Ponga's Pet Palace , Renaissance Arts Hotel and Bayou Boogalou, New Orleans' Cemeteries and Naked On Bourbon Street.
This time I will cover the lively French Quarter and Garden District...as they say in N'awlins "Laissez les bons temps rouler!"
Since we were traveling from the Atlantic region of Canada, the most agreeable way to arrive at our destination was...par avion!
Airline regulations require that all pets flying In-cabin, including those of therapy pet status such as myself, must remain properly stowed for the WHOLE flight! However, a kind steward permitted me to sit on Mom's table and enjoy her window seat. Here I am filling out my landing card. Am I required to declare my two pounds of Catnip?
We landed in New Orleans without any trouble from the drug sniffing dogs, and were off to the French Quarter! Commonly referred to as the "Vieux Carré" (Old Square), it is the most established neighborhood in New orleans, founded in 1718.
Hmm. Do you think we could use this bicycle to see the sights?
Even with my feline balancing skills, I think cycling may prove difficult. Strollering it is then!
Nofuratu's Fast Fact: Due to the number of people who died trying to save their pets during Hurricane Katrina, the US Senate signed into law the PETS Act whereby local governments are not entitled to FEMA reimbursements unless emergency plans for domestic pets are written into their disaster plans and in place.
These Louisiana crawfish caught my eye immediately. I admit I was a little daunted at first since I could not tell if the "moving" cooler was one giant entity or lilliputian individuals!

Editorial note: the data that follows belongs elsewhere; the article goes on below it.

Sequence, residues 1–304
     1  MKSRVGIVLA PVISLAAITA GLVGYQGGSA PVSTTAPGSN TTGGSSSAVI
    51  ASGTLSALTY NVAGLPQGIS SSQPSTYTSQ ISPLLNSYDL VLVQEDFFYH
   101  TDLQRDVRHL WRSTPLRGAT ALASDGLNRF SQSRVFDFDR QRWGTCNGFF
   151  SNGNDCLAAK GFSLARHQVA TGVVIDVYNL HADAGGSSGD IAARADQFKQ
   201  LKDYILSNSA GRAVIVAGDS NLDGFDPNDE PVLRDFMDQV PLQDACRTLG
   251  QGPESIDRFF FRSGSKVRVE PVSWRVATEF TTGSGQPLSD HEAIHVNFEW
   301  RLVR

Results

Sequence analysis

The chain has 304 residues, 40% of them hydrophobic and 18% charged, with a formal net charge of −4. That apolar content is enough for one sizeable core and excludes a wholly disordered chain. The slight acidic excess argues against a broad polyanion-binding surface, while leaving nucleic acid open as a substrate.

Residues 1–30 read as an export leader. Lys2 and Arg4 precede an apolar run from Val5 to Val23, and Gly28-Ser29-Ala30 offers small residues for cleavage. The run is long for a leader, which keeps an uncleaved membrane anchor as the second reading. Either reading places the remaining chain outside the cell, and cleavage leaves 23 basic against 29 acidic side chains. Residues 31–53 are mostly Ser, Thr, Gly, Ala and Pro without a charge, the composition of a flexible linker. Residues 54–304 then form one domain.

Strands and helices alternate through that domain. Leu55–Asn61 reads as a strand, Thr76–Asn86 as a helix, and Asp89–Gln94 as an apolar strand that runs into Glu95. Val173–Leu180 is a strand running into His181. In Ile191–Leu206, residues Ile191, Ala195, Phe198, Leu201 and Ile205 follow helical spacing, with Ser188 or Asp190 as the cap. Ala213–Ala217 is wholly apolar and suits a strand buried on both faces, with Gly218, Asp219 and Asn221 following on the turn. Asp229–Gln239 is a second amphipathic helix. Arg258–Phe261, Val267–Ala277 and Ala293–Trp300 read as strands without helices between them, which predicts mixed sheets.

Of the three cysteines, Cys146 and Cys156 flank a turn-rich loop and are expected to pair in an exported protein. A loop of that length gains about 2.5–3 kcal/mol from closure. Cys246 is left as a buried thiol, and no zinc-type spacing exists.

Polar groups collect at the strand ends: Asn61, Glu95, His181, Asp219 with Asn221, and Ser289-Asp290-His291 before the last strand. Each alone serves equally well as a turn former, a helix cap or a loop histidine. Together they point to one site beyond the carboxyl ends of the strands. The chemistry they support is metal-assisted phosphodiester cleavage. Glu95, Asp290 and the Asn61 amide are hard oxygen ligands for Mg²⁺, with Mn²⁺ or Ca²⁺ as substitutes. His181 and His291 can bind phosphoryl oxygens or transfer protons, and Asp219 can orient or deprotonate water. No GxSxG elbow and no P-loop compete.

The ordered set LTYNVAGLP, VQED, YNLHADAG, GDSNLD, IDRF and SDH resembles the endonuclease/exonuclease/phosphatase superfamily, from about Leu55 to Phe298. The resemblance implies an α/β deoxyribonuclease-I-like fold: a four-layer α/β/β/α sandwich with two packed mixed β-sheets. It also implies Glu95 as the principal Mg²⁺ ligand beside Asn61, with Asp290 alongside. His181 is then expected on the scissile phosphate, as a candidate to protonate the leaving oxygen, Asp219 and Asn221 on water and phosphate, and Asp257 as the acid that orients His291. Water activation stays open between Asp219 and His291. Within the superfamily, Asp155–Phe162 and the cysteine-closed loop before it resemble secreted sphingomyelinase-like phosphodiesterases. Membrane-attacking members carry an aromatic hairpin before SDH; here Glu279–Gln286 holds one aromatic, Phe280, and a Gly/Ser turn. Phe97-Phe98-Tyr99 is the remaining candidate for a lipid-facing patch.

The MRB Bar and Grill on St. Philip employs a three legged Boxer named JW to guard its seafood while it sojourns streetside.
I asked if he would like to be interviewed for my blog?
But he did not say much and I disliked how he kept salivating while ogling me intensly!
Speaking of good to eat, Daddy picked up a Crawfish for me to examine.
Yes, Procambarus clarkii, a species of freshwater Crawfish native to the southeastern United States. On other continents it is considered a pestilence, but here it is fine cuisine!
Pardon me, would you like to be interviewed for my blog? Perhaps you have some final words before heading to the pot?
His mouth is open but I do not hear anything....Does anyone here read Crawfish lips? We shall have to dine somewhere else. I can not handle such a personal relationship with my food.
Next we checked out Fiorella's Cafe on Decatur street. Only service animals are permitted in restaurants so we dined at the sidewalk tables.
For an appetizer I had the deep fried pickles. The dipping sauce was very good!
My main course was clam chowder. Delicious!
Do I have food on my face?
Time for a post dinner bath, just like a lion on the Serengeti after eating its kill. Hey did you notice my fabulous catfish Mardi Gras beads I got for my ride?
After dinner we took a stroll in the Garden District. At just three feet above sea level, this area once consisted of plantations! Then it was sold off in parcels to wealthy Americans who did not wish to live with the Creoles in the French Quarter.
This is ridiculous! Perhaps strollering through here was not the best idea Daddy. The sidewalks here are notorious for their arduousness. I told you we should have used the Snuggly.
After decades of arguing with property owners over who is responsible for repairs, the city has admitted the Oak trees they planted are the cause of the disruption.
Here we are at Stan and Anne Rice's House! Stan, a talented poet, and Anne, author of dozens of books including the Vampire chronicles, lived here from 1989 to 2004.
1239 First street was also the inspiration for Mayfair House in Anne Rice's Mayfair witches series. Yes, I have read all Anne's books.
Helloooo! Is anyone there?? I was hoping to tour the house, but no one was home. Still, I give all of New Orleans 5 meows out of 5. I love it here.
Do not forget to check out ALL my other blog reviews! Just choose a date under the "More of my Adventures" heading in the upper right column.
© 2012 Aislynne Editor: Henry Hobson